Worried about extra scrutiny from the Internal Revenue Service?
Everyone has heard horrible stories about people getting audited by the IRS and the IRS wasting a lot of their time for tiny mistakes or the IRS forcing the taxpayer to pay much more in taxes than they already paid. Statistics show that only about 1% of tax returns get audited in a given year, so if you think about it, it is more likely than not that you will get audited in your lifetime.
While you can never completely "audit-proof" your business's income tax return, you can take actions that will greatly reduce your chances of being flagged.
Here are 5 ways to avoid a tax audit:
1. Don't prepare your return by hand: Preparing your tax return by hand can easily lead to math errors or a return being too sloppy for the IRS computers to read. If the IRS computer doesn't understand what is on the return then an IRS employee will manually look at your return. Whenever you have an actual person looking at your return, the chances for an audit significantly jump. It is suggested that you use tax preparation software or use a tax professional to help you file (who most likely uses tax software as well).
2. Make over 100K a year: This is one of those things that you can't help, but it is good to know that once you pass this point your chances of an audit are significantly higher. If you do make over 100K a year, be sure to keep detailed records because the audit rate of 100K+ people is about double that of under 100K. This makes sense financially for the IRS to pursue these people because they pay more than 60% of the taxes in the United States.
3. Don't use foreign accounts: If the IRS sees money being transferred overseas or to some kind of foreign account this is a big red flag to them. Even if there is a legitimate reason for sending money overseas the IRS will investigate, so be sure to keep good records of any transactions that are being done.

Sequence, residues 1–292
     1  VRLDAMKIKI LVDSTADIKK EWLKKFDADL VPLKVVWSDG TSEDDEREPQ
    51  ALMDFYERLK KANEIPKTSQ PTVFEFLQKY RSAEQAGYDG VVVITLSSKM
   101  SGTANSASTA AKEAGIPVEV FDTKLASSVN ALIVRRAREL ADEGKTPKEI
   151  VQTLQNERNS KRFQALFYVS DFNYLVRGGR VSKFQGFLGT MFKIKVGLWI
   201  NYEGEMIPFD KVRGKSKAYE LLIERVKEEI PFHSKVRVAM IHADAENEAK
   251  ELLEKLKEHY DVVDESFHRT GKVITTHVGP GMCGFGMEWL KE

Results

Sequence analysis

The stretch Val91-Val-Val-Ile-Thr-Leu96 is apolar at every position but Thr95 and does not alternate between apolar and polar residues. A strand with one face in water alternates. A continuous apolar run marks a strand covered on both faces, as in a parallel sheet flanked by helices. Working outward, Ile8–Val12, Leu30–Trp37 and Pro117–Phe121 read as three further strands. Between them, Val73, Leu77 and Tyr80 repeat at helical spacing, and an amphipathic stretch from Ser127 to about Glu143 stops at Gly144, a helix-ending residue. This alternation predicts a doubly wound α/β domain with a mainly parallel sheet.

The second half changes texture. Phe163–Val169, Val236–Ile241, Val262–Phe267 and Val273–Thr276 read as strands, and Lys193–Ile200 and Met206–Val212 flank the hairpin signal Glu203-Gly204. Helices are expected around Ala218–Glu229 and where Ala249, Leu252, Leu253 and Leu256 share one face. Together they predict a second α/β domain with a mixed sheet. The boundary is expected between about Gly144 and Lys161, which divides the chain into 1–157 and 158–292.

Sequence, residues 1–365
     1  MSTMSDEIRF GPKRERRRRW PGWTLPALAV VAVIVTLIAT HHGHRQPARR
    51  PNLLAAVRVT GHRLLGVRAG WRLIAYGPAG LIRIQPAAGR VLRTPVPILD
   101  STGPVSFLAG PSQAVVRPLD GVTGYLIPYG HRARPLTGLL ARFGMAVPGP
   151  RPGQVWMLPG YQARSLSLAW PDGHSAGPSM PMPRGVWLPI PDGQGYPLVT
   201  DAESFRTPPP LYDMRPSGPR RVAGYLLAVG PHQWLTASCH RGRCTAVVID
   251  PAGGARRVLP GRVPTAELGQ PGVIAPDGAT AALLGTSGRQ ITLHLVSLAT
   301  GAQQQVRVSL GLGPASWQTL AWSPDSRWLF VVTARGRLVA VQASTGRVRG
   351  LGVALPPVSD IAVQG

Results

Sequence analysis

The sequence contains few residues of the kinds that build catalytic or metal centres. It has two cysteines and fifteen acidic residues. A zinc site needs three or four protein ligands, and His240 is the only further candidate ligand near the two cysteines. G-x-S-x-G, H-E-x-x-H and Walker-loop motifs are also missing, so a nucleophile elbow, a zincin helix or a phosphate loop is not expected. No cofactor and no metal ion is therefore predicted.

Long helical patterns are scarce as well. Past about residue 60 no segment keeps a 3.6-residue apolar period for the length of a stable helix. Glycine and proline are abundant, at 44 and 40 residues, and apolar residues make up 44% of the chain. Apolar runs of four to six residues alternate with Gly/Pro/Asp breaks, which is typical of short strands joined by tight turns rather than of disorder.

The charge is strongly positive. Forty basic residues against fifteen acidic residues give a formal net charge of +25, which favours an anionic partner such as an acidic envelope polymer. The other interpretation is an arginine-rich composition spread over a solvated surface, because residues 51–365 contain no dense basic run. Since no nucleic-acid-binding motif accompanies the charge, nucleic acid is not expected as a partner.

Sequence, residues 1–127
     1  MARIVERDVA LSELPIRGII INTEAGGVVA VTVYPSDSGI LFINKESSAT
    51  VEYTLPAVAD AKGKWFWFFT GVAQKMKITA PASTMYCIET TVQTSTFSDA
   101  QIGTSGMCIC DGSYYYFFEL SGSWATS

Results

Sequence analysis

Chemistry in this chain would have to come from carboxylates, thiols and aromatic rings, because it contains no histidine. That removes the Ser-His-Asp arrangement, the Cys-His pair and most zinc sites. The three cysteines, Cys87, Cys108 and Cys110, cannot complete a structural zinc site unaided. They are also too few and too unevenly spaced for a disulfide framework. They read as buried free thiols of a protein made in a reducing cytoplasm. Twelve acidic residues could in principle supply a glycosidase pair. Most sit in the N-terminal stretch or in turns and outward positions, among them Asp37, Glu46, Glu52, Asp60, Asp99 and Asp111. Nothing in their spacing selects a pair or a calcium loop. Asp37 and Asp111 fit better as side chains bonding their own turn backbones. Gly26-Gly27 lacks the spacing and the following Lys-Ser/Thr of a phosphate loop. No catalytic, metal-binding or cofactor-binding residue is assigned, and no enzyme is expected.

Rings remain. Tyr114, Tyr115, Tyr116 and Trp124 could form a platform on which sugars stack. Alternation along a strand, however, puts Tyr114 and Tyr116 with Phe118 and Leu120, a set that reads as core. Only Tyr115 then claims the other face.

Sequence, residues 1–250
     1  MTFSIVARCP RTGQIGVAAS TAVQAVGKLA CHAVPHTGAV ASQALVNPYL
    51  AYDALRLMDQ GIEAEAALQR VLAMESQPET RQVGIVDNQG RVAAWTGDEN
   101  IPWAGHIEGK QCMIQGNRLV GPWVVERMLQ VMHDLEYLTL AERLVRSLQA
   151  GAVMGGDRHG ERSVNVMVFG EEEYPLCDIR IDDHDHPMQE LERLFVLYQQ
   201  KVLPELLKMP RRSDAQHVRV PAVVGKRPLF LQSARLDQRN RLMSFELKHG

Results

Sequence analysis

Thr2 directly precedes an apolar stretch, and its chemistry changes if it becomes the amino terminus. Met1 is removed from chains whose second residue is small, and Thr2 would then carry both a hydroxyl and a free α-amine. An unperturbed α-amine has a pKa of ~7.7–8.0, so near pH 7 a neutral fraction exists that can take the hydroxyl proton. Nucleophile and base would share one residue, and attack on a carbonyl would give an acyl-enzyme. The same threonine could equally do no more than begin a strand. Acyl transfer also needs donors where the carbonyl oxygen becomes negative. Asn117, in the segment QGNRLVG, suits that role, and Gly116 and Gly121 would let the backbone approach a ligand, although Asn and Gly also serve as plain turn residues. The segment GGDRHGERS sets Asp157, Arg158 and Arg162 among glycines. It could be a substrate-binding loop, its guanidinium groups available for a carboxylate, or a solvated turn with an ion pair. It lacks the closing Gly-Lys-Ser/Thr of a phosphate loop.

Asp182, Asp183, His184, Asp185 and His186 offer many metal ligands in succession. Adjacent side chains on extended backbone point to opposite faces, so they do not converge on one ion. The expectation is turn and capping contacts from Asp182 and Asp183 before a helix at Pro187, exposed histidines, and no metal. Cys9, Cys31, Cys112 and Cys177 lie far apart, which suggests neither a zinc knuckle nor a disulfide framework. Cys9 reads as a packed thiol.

4. Don't round your numbers: Rounded numbers is an instant flag to get a tax return looked into further. The IRS knows that the likelihood of you having deductions that are rounded off to the nearest thousand or hundred is extremely unlikely. The IRS knows that people that don't have exact records for their transactions just take guesstimates on some of the deductions or income numbers on their tax return. Be sure to use accurate information and avoid rounding.
5. Be careful with business deductions and schedule C filings: If you own a small business and file a schedule C, this will significantly increase your chances of an audit. Over the years people have abused many deductions, so the IRS keeps a close eye on this. One of the major things that they watch out for is the home office deduction. If you do have a legitimate home office, be sure to keep all proper records to legitimately backup your deductions. Also, if you do have a small business, consider setting it up as a different entity so expenses won't flow through your personal tax return. Partnerships and SCorps are most less likely to get audited and the IRS doesn't look into business expenses that are being flowed through these entities as much as personal tax returns.
An IRS audit is a big hassle for anyone who encounters one and can be costly. Keeping these things in mind can significantly decrease your chance of an audit.